World Bank says Ukraine's economy on pace to shrink by almost half this year

World Bank says Ukraine's economy on pace to shrink by almost half this year
Ukrainians walk next to destroyed buildings in Borodianka, located northwest of Kyiv, on Tuesday. On Sunday, the World Bank said the Eastern European nation's economy is on track to shrink by half this year. Photo by Vladyslav Musienko/UPI | License Photo

April 10 (UPI) -- Ukraine's economy is on track to shrink by nearly half this year, according to forecasts by the World Bank, as Russia's invasion of the Eastern European nation raises fears of a sharp global slowdown while countries still combat the economic fallout of the COVID-19 pandemic.

In a report published Sunday, the world lender to low- and middle-income economies said it expects Ukraine's output to shrink 45.1% this year, though the "magnitude of the contraction will depend on the duration and intensity of the war."


If the war ceases soon, economic recovery can be spearheaded and losses contained, it said, adding that a protracted war, however, "could increase human and economic costs, heighten policy uncertainty, fragment regional integration and disrupt critical trade and investment links."

Russia invaded Ukraine on Feb. 24, resulting in vast destruction to infrastructure and the deaths of more than 1,760 civilians with 4.5 million forced to flee their country and another 7.1 million internally displaced, according to United Nations data.


The war attracted the swift condemnation of democratic nations and their stiff punitive sanctions, which have already taken a bite out of Moscow's economy.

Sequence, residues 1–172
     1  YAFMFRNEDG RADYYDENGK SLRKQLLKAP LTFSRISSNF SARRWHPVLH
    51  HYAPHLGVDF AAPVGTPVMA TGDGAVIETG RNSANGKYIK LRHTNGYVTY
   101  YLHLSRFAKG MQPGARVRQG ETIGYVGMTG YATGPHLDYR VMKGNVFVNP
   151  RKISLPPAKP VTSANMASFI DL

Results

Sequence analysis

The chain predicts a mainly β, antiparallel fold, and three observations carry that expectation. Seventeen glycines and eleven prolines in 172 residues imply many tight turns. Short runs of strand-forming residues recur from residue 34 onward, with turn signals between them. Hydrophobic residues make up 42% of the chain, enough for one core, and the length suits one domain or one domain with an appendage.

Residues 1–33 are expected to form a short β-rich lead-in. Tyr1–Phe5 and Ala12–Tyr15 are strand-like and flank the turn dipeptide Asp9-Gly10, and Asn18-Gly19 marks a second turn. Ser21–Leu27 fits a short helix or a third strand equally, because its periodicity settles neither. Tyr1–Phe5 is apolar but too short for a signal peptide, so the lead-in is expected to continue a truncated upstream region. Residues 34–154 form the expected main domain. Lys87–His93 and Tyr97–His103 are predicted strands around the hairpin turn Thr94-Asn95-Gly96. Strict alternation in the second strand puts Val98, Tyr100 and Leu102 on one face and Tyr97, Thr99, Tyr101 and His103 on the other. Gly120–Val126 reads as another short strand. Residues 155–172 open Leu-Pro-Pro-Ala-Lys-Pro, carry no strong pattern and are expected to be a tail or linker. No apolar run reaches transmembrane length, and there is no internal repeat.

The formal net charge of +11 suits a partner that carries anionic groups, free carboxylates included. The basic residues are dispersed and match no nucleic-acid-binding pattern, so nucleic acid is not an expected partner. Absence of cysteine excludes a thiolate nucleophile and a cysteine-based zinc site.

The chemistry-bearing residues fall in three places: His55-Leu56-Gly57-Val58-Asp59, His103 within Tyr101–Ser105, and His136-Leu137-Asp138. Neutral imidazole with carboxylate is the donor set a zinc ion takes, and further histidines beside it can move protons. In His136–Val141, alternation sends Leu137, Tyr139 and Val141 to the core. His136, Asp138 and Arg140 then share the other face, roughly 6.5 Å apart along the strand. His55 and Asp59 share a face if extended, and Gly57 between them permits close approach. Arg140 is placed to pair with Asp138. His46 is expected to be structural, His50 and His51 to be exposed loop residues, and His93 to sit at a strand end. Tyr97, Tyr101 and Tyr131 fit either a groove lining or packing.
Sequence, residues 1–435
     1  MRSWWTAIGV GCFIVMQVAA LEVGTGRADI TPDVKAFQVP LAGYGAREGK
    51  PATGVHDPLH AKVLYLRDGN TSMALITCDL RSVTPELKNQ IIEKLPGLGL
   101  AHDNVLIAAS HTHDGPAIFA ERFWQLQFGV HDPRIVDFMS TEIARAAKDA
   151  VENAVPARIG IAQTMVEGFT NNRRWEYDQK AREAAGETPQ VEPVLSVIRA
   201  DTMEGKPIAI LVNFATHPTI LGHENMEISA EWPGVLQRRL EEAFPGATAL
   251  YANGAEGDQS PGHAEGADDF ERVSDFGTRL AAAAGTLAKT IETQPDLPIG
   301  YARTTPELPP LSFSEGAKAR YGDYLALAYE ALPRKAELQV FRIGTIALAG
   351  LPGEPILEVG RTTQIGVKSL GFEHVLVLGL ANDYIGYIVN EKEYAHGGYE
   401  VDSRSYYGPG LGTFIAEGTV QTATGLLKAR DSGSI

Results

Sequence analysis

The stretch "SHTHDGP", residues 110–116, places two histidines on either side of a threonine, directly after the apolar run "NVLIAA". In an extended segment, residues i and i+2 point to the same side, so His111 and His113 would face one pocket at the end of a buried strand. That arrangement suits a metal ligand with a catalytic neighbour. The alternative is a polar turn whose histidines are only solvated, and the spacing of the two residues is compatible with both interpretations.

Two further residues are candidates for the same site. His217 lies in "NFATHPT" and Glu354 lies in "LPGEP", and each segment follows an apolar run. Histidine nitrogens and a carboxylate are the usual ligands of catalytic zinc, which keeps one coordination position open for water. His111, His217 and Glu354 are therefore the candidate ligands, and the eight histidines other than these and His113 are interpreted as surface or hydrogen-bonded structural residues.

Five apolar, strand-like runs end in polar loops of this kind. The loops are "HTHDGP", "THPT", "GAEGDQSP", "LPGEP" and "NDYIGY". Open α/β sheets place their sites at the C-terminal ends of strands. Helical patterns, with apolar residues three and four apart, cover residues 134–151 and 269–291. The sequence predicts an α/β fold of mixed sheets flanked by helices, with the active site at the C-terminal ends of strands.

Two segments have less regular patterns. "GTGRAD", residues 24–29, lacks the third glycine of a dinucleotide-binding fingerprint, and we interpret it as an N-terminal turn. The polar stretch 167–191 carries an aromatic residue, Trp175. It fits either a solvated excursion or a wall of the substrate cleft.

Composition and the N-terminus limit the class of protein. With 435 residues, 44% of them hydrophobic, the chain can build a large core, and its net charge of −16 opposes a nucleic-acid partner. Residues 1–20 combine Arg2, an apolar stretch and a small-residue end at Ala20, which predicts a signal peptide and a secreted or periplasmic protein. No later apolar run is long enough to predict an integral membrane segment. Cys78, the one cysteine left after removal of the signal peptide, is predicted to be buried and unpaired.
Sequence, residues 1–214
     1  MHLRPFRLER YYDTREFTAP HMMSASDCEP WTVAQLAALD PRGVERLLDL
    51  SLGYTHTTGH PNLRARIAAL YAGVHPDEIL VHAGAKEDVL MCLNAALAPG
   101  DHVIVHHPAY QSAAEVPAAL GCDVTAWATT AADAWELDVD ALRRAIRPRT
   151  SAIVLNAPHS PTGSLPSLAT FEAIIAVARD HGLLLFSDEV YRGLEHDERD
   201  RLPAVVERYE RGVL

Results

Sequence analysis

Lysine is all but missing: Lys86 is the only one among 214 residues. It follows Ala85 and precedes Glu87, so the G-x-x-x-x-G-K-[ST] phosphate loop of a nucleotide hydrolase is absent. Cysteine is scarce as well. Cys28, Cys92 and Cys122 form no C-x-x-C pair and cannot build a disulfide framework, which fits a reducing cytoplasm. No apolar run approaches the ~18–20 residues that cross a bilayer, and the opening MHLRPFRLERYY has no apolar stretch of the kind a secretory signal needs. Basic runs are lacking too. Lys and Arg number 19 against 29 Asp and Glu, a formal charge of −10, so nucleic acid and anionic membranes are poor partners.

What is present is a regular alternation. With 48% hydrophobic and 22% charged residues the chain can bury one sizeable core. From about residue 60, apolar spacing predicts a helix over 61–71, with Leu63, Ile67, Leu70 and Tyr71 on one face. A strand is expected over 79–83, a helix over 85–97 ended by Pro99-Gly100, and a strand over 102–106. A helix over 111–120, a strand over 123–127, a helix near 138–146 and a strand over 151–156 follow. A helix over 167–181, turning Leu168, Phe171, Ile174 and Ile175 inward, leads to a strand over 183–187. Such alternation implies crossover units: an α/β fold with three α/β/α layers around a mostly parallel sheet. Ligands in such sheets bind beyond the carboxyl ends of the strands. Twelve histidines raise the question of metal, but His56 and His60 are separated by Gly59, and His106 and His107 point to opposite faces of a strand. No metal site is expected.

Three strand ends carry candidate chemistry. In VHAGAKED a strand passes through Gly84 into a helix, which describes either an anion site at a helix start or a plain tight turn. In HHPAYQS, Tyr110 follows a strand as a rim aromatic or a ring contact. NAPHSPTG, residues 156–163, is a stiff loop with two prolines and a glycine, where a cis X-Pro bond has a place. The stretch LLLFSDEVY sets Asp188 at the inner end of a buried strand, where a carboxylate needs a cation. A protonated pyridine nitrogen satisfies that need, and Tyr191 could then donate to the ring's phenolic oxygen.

According to the report, Russia's economy has slipped into "a deep recession" with output forecast to reduce by 11.2% this year.

A downside scenario in report, though, projects Russia's gross domestic product to contract 20% this year and Ukraine's to shrink by 75%.

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For Europe and Central Asia as a region, the war has erased a 3% growth projection, with the regional economy now on target to reduce by 4.1% percent, the report said, as the war exacerbates the economic effects of the COVID-19 pandemic.

"Neighboring ECA countries are likely to suffer considerable economic damage because of their strong trade, financial and migration links with Russia and Ukraine," the report said.

Particular concern is on energy and wheat, with Russia a major energy exporter, especially for Europe, and the waring nations are together considered the world's breadbasket as they produce between 25% and 30% of global exports of the grain.

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Late last month, the U.N.'s World Food Program warned the conflict could create a global food insecurity crisis, with the two countries also producing 20% of the world's maze and 80% of its sunflower oil while the WFP buys 50% of its grain from Ukraine with several countries dependent on it for its supply of wheat.


The cost for the grain has already climbed and could climb higher, as well as for other crops, as Ukrainian farmers trade in their hoes for weapons and shelling destroys fields and shipping lanes close, such as that through the Black Sea, which carries 90% of Ukraine's grain exports.

The report said that despite the two nations only accounting for less than 3% of global exports, the war and subsequent sanctions have weakened supply chain routes while increasing shipping and insurance costs.

Supply shortages and higher prices for energy and food will fuel inflation, it said, affecting not only neighboring countries, but the rest of the world.

"The Ukraine war and the pandemic have once again shown that crises can cause widespread economic damage and set back years of per capita income and development gains," Asli Demirguc-Kunt, World Bank chief economist for European and Central Asia, said in a statement.

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Priest Andrii Gavalin presides over the funeral of Eugene Bogdanov, 35, in Bucha, Ukraine, on May 10. Bogdanov went missing two months ago. His wife, Natalia Bogdanova, was searching for him throughout the Kyiv and Bucha regions when his body was found at a morgue in Belaya Tserkov on May 9. Photo by Ken Cedeno/UPI | License Photo

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